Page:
Building codes, state grants and low insurance rates have encouraged people to flee expensive cities for their dangerously fire-prone fringes.
A Nov. 15 view in Paradise, Calif., above, shows charred remains of houses among the trees after the Camp Fire burned down more than 11,000 homes. PHOTO: CAROLYN COLE/LOS ANGELES TIMES/GETTY IMAGES
The historically deadly wildfires that have roared through California this fall, and a string of similarly destructive ones over the past two years, are boosting calls to do more to slow climate change. But another underlying problem has contributed to the fires’ tragic damage: For decades, California, supposedly the greenest of states, has artificially lowered the cost of encroaching on nature by living in the woods.
Permissive building codes, low insurance rates and soaring taxpayer spending on firefighting and other services have provided an economic framework that has encouraged people to flee the state’s increasingly expensive cities for their leafy fringes. The forested exurbs, including places once thought too hilly or too dry to develop safely, have offered comparatively affordable living with jaw-dropping views.
The upshot: More houses have been packed into the fire-prone border between civilization and forest—known among planners as the “wildland-urban interface,” or WUI—in California than in any other state.
This problem isn’t restricted to California’s woodland. Along the coasts, loose building standards and easy federal flood insurance have socialized the costs of building in the path of worsening storms and rising sea levels. It is time, in the parlance of classical economics, to internalize the long-externalized costs of building in the trees or by the beach.
California, both a bellwether of aggressive environmental policy and a pioneer of suburban sprawl, typifies the problem. For years, Cal Fire, the state wildfire-fighting agency, has been spending increasing sums to put out wildfires, as has the U.S. Forest Service. Already by 2006, according to an audit, most of the money the forest service was spending to put out large fires was “directly linked to protecting private property” in the wildland-urban interface. Meanwhile, at public cost, government has been encouraging more development by pushing infrastructure—roads, utilities, rescue services—ever farther into the forest.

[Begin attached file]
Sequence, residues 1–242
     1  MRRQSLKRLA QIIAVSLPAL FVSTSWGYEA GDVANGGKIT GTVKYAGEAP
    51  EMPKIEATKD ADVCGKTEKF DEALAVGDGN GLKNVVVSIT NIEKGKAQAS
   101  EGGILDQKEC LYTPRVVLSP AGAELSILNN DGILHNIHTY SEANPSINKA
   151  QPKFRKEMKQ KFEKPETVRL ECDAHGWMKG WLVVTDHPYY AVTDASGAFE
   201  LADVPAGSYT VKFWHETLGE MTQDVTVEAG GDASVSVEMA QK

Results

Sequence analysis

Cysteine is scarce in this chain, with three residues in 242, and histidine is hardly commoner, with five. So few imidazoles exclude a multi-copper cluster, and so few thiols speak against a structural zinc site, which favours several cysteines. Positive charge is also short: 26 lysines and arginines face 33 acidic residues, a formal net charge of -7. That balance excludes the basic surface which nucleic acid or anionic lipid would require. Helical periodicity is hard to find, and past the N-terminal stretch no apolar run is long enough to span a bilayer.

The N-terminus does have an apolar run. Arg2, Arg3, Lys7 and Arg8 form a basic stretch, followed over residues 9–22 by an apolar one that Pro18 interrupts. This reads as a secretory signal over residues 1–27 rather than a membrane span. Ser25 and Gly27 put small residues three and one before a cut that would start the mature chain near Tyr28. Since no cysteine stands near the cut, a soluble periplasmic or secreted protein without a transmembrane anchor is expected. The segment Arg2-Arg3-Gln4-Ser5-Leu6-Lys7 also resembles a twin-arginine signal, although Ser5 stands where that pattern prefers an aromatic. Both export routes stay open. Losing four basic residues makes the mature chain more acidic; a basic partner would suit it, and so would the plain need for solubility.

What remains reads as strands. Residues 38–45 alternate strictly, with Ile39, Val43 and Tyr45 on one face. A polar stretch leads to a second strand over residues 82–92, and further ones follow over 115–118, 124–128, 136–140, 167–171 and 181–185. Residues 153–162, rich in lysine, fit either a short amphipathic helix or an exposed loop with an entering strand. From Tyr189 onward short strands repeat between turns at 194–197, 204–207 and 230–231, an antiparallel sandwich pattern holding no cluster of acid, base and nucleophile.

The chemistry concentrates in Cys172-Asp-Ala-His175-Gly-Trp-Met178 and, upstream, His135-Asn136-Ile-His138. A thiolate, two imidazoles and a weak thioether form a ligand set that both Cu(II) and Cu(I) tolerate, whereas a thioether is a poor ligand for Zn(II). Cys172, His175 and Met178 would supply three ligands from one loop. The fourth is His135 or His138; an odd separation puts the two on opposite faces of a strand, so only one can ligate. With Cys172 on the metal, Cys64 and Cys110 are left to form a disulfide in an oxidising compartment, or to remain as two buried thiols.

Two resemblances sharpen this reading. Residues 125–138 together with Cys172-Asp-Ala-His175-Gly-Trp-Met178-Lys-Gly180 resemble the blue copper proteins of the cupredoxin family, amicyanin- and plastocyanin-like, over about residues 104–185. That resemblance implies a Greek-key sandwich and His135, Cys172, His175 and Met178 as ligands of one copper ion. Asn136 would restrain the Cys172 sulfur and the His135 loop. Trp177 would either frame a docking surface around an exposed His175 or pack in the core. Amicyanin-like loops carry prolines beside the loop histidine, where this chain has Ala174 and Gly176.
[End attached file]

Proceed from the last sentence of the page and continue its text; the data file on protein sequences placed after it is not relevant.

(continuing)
Lax building codes are at the base of the problem. Even in California, which has some of the toughest such rules in the country, they often aren’t adequate or adequately enforced. The codes often dictate the use of fire-retardant materials in house construction but typically say nothing about how a development must be situated on the landscape—and that can help determine whether that development will burn in a fire, says Max Moritz, a cooperative-extension wildfire specialist at the University of California, Santa Barbara. “So the developers are able to come in, propose something, and often, without too much oversight, walk away after having built something in a dangerous place,” he says. “And we pick up the tab.”
In Redding, a city in far northern California where some neighborhoods were devastated by this summer’s massive Carr Fire, city officials have worked in the past with developers navigating the building code to help them save on costs, City Manager Barry Tippin says. For instance, Redding let a developer build a subdivision with just one road in and out instead of two under an allowed exception in the code; the one road was wider, but two are generally considered safer in an emergency. Now, he says, officials are reassessing their view of the code and have won a grant to pay for an outside review of their rules. “In the future, we should take a more deliberate and maybe harder stance,” he says.
Between 2000 and 2013, more than three-quarters of all buildings destroyed by fire in California were in the state’s WUI, and more were destroyed there than in all the WUI areas across the rest of the continental U.S. combined, according to a recent study led by Anu Kramer, a researcher at the University of Wisconsin-Madison. That is partly because of increasing construction in the WUI and partly because it is so weakly regulated. Ray Rasker, executive director of Headwaters Economics, a Montana-based nonprofit research firm that specializes in wildfires, notes that rules to protect buildings from fire—for instance, requirements for sprinklers and for regular fire-code inspections—tend nationally to be far stricter in urban areas than in the WUI, despite the relative risk. “If you place a home out in the woods, in a tinderbox, those rules don’t apply,” he says. “It’s backward.”
Once a house is built in California’s WUI, the state’s unusually low insurance rates have the effect of shifting much of the real cost. The average California homeowner pays about $1,000 a year in homeowner’s insurance—about half the level in Florida or Texas, two other states with markedly rising incidences of natural disasters believed linked to climate change.
That is a result of state policy, not an accident. California has an elected state insurance commissioner, one of 11 in the country who are elected, who caps the rates private insurance companies may charge. When insurers seek permission to raise rates to cover catastrophes, state law requires that they average at least 20 years of prior catastrophic-loss data, which minimizes the recent dramatic increases in fire damage. Those increases, wildlife specialists warn, suggest things to come.